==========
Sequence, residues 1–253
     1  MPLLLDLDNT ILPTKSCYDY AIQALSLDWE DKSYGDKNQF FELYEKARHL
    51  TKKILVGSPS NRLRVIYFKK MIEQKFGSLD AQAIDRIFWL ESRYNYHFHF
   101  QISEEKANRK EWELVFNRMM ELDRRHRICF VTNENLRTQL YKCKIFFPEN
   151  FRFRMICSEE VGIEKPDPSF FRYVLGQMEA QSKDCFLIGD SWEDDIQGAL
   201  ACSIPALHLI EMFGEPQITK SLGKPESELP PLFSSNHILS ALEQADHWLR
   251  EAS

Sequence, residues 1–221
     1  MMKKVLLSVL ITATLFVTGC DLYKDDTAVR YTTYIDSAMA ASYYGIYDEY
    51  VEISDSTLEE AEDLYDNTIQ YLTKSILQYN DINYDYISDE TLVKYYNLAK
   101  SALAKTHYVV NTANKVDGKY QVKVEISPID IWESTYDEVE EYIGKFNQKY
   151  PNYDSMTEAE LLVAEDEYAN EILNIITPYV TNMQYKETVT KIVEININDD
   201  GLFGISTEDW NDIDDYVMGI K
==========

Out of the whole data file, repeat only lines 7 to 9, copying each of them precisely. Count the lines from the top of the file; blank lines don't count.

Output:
   251  EAS

Sequence, residues 1–221
     1  MMKKVLLSVL ITATLFVTGC DLYKDDTAVR YTTYIDSAMA ASYYGIYDEY